Thyroiditis is inflammation of the thyroid gland, a butterfly-shaped organ next to the windpipe.
The thyroid is the largest gland in the neck. It produces, secretes, and stores thyroxine (T4), a hormone that influences the metabolism of just about every body process.
When the thyroid gland is functioning properly, hormone release is carefully regulated. When bacteria or viruses invade and inflame the gland, T4 surges into the bloodstream and raises hormone levels that then discourage the gland from creating more T4. Eventually the hormone stores are exhausted, the thyroid loses its ability to manufacture T4, and an underactive thyroid (hypothyroidism) results.
The major cause of hypothyroidism, thyroiditis affects about 12 million people in the United States. This condition is more common in women than in men and usually develops between ages 30–50.
Most patients with subacute thyroiditis recover fully after no more than a few months. This condition occasionally recurs, but severe or long-term complications are rare.
Four of every five patients with silent thyroiditis recover completely within three months. The thyroid status of these patients should be evaluated within 12 months. Because silent thyroiditis recurs in 10% of patients within three years and may progress to hypothyroidism, medical monitoring should continue for three years after recovery appears complete.
Family physicians and endocrinologists usually base a diagnosis of thyroiditis on:
- blood levels of thyroid hormones, thyroid-stimulating hormone, and anti-thyroid antibodies
- personal and family medical history
- the appearance of a patient's thyroid gland
Thyroid antibodies present in 95% of patients with Hashimoto's thyroiditis make it possible to diagnose this disease without surgery or biopsy. A blood test that measures sedimentation rate, an indication of the extent of inflammation, is a useful tool for diagnosing subacute thyroiditis.
Medical therapy for thyroiditis includes:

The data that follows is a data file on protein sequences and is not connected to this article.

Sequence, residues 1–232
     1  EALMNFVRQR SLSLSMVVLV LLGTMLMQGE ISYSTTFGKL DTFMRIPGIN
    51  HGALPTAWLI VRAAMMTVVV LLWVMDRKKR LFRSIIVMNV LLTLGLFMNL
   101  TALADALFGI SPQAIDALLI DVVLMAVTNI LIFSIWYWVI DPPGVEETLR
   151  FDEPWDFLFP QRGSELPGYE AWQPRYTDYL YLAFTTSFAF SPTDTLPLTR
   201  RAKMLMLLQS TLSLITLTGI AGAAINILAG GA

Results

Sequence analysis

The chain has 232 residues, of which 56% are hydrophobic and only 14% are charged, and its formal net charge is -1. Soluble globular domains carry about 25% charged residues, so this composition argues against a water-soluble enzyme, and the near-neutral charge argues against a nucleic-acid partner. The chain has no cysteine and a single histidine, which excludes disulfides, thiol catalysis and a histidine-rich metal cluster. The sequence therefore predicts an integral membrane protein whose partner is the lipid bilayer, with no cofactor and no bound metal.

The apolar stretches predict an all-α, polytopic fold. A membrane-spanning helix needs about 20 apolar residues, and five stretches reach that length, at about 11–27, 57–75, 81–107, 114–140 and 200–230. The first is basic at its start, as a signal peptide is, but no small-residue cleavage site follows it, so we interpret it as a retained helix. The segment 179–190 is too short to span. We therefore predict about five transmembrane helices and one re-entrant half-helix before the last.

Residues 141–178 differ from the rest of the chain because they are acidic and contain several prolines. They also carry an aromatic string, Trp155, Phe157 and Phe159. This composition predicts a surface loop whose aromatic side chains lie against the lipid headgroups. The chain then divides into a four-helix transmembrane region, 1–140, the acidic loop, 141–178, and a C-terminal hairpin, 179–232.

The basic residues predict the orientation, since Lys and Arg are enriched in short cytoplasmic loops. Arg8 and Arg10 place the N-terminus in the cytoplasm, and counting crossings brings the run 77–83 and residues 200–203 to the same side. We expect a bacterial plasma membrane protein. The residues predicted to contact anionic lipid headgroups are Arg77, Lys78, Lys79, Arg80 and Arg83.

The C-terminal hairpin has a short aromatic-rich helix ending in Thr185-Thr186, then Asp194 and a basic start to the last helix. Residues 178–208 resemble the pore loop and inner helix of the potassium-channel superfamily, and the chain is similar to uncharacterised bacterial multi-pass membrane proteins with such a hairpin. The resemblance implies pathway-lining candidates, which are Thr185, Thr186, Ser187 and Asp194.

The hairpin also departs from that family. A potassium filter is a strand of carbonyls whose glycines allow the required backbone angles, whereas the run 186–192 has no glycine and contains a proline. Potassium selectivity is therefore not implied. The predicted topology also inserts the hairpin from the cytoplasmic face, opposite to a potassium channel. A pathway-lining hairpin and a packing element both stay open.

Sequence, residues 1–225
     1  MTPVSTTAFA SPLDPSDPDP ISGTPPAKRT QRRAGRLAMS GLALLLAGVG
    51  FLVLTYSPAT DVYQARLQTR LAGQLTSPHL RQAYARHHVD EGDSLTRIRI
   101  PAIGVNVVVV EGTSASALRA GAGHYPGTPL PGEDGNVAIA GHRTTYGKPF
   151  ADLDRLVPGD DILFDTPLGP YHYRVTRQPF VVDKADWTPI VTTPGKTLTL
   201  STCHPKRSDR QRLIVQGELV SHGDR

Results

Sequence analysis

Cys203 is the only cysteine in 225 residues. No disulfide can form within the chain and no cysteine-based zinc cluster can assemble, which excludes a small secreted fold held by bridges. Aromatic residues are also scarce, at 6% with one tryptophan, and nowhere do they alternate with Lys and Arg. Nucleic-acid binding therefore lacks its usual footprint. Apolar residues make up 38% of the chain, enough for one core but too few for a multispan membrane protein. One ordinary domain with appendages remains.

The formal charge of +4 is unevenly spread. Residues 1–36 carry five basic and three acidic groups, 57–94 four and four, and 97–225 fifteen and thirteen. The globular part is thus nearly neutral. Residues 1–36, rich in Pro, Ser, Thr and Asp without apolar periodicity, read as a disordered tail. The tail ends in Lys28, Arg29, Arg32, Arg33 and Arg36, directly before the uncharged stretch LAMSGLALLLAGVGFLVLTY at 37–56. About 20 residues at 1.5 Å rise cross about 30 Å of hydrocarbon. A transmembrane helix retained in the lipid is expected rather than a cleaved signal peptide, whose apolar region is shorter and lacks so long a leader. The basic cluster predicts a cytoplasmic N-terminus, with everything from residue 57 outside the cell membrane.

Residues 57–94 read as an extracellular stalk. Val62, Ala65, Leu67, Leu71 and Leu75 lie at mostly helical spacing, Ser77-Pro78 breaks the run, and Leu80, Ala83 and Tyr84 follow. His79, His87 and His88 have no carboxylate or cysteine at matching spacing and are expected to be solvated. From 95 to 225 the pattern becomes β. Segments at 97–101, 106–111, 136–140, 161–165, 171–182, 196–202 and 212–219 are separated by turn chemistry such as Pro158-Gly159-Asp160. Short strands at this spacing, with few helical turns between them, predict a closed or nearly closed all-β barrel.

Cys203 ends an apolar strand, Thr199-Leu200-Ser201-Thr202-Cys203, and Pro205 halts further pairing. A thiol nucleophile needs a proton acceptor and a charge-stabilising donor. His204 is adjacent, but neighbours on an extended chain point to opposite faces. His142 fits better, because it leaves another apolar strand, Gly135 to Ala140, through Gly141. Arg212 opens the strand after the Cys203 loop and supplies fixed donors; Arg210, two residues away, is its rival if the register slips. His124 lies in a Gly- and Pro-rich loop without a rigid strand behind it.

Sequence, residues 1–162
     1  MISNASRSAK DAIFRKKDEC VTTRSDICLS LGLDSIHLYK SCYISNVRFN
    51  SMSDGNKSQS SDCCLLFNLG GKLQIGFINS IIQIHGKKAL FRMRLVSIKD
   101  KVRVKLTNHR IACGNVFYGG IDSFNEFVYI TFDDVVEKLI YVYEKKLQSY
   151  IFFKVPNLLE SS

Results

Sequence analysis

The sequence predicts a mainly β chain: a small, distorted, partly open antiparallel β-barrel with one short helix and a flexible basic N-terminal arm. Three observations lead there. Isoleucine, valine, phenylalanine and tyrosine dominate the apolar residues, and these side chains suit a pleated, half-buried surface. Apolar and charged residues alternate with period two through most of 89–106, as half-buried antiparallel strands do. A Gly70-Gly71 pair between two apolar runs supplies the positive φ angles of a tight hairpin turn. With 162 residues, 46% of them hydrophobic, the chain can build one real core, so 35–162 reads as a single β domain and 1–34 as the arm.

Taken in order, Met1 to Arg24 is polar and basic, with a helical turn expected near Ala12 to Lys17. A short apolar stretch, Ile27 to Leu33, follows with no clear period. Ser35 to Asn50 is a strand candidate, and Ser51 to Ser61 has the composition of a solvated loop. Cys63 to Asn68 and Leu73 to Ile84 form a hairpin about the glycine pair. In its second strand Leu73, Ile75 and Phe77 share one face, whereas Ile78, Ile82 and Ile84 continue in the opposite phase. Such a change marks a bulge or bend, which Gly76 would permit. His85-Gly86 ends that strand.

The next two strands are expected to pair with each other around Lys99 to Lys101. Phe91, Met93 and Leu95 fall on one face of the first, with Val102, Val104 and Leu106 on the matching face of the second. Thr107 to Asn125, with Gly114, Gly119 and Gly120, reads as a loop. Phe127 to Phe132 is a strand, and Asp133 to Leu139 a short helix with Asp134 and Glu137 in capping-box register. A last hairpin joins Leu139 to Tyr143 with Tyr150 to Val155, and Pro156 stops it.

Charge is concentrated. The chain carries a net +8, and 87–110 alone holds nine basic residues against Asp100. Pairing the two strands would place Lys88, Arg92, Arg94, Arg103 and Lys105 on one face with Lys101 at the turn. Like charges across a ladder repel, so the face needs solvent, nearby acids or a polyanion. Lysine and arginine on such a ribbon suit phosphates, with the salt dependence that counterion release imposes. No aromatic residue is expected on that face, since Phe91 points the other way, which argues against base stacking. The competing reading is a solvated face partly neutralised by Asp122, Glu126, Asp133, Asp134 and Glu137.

- antibiotics to fight infection
- high doses of aspirin to relieve inflammation
- hormones to suppress or replace thyroid function
- pain medications
Cortisone drugs are sometimes prescribed to reduce persistent inflammation. In rare instances, surgery can be
Thyroiditis usually responds to treatment, and some patients recover normal thyroid function without treatment. Because permanent loss of thyroid function is a possibility and life-long thyroid replacement therapy may be necessary, regular medical monitoring should continue even after the patient has apparently recovered.
The Thyroid Foundation of America. 350 Ruth Sleeper Hall, Parkman St., Boston, MA 02114. (800) 232-8321. <http://www.clark.net/pub/tfa>.
The Thyroid Society for Education and Research. 7515 South Main St., Suite 545, Houston, TX 77030. (800) 849-7643. <http:the-thyroid-society.org/thyroid.html>.
"Chronic Thyroiditis (Hashimoto's disease)." Health Answers.com 30 Apr. 1998 <http://www.healthanswers.com>.
"How do Doctors Test for Thyroiditis?" The Thyroid Society Page. 20 Apr. 1998 <http://the-thyroid-society.org>.
"Silent Thyroiditis." The Merck Page. 22 Apr. 1998 <http://www.merck.com>.
"Subacute Thyroiditis." The Merck Page. 22 Apr. 1998 <http://www.merck.com>.
"Subacute Thyroiditis." HealthAnswers.com 30 Apr. 1998 <http://healthanswers.com>.
"Thyroiditis." ThriveOnline. 21 Apr. 1998 <http://thriveonline.oxygen.com>.
"What are the Main Types of Thyroiditis?" The Thyroid Society Page. 20 Apr. 1998 <http://the-thyroid-society.org>.
"What is Thyroiditis?" The Thyroid Society Page. 20 Apr. 1998 <http://the-thyroid-society.org>.
"Your Thyroid." Endocrine Web Page. 22 Apr. 1998 <http://www.endocrineweb.com>.
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Subacute—An abnormal condition present in a person who appears to be clinically well.
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